Of course, whether these provisions survive next year's iteration of the bills is always a question.

Wednesday, September 15, 2010

EPA holds hearing on HPV chemical test rule

As noted a few weeks ago, EPA is working on a new proposed test rule for High Production Volume "orphan" chemicals.  The rules are authorized under Section 4 of TSCA and are designed to obtain test data that the Agency needs to better assess risk.  That was the third such rule proposed.  Well, last week EPA held a public hearing to get input on the proposed rule.  And not everyone thought testing was needed.

The sometimes odd pairing of industry and animal welfare groups again were on the same side, with industry objecting to the need to conduct some of the testing and animal welfare groups like PETA objecting because much of the testing uses animal models like rats.  Others were supportive of testing, noting that without actual data it is difficult for EPA to make sound scientific assessments of risk.

Since this is a proposed rule it will need to be finalized and published again in the Federal Register before manufacturers will be required to provide data.  EPA Chemical Control Division chief Jim Willis suggested that the final rule for this third group of HPV chemicals could be issued within 6 to 9 nine months, though he admitted that timeline was optimistic.  It seems even more optimistic when one considers that the 2nd proposed HPV orphans rule was issued in July of 2008 and to date that one still has not been finalized over two years later (though Willis did suggest it may be made final within the next month or so).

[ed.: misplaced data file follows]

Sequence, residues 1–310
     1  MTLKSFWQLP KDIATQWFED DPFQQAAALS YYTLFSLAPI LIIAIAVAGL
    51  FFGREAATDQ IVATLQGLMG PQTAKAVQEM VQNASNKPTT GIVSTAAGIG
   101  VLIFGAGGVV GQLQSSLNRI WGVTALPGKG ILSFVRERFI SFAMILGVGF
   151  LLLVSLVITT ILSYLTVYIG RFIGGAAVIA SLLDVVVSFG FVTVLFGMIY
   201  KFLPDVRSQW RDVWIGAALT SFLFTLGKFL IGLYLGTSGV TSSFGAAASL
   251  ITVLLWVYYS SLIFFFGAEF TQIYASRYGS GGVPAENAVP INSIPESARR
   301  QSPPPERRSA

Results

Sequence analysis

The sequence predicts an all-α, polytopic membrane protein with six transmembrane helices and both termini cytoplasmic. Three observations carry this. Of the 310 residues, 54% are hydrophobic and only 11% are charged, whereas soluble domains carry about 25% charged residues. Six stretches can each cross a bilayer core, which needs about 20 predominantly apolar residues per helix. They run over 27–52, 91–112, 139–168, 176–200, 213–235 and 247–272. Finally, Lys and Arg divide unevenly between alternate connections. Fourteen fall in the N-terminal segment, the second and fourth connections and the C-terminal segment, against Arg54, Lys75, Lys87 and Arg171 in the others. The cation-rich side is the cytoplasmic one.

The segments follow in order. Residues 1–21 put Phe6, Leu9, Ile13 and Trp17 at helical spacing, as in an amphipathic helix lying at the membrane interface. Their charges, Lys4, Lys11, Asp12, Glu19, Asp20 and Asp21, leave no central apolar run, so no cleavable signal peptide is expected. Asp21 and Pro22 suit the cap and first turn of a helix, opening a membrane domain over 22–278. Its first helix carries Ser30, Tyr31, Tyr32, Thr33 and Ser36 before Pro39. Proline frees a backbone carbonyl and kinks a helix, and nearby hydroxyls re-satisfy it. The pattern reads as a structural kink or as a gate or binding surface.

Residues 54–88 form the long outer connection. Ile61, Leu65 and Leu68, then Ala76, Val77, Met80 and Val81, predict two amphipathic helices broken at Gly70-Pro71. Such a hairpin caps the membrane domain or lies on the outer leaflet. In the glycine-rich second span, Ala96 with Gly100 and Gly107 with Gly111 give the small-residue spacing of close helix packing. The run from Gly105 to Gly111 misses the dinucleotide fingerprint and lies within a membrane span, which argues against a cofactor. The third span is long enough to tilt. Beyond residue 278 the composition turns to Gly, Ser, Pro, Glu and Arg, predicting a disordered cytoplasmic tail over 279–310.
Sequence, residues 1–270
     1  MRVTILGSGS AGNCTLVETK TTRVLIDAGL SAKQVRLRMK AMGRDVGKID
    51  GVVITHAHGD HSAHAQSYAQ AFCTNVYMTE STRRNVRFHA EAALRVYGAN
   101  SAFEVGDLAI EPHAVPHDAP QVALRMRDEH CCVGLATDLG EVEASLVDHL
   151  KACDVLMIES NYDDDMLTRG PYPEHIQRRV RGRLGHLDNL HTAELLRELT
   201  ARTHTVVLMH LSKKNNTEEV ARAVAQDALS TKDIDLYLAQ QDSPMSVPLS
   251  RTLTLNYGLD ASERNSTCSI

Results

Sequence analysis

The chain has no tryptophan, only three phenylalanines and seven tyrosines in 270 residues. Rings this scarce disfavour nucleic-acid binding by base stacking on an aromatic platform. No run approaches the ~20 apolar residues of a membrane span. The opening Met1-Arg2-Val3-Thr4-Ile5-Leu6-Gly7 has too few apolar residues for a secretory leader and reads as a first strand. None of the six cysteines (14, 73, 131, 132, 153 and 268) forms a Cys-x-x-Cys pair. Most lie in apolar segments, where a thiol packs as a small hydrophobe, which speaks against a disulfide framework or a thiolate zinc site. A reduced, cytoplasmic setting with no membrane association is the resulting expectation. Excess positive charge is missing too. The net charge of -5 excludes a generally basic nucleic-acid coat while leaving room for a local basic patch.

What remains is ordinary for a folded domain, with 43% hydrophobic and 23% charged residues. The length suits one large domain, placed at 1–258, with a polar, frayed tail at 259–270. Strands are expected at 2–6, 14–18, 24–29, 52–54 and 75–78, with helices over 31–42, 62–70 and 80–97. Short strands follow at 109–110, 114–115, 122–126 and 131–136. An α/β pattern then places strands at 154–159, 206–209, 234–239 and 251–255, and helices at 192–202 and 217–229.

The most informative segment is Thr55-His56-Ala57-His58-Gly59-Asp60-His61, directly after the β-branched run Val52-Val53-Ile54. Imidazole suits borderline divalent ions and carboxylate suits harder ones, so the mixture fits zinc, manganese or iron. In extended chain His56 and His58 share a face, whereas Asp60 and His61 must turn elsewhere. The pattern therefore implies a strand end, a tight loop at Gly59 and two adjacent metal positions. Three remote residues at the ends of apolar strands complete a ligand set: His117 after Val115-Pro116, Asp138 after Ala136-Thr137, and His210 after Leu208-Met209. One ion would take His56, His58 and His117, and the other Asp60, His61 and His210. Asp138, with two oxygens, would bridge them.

Meanwhile, EPA is working on a 4th proposed rule, though it seems it is still in the very early stages of development.  Look for that one sometime in 2011.

So while Congress sits on the proposed TSCA reform bills, EPA is trying to work within the current TSCA system.  Given that all of these test rules are for chemicals that are HPV "orphans," that is, chemicals produced in high volumes yet for which none of the manufacturers stepped forward voluntarily to provide data under the HPV Challenge program, it seems that TSCA has only limited ability to address chemical concerns in a timely fashion. 

Tuesday, September 14, 2010

New Polling Data Indicates Overwhelming Public Support for Chemicals Regulation

My title is cribbed from the Safer Chemicals Healthy Families (SCHF) announcement of a new poll conducted by the Mellman Group.  According to SCHF, the public opinion poll "finds overwhelming public support for reforming our out-of-date system for managing chemicals."  Furthermore, this support apparently was "regardless of political affiliation," in that "voters are much more likely to support a candidate for public office who promotes better health and safety standards for chemicals."

I haven't read the entire poll yet, but the results SCHF reports are actually somewhat surprising.  Despite the current political environment that seems to favor less government intervention, and at least according to SCHF, there is widespread concern about our exposure to chemicals: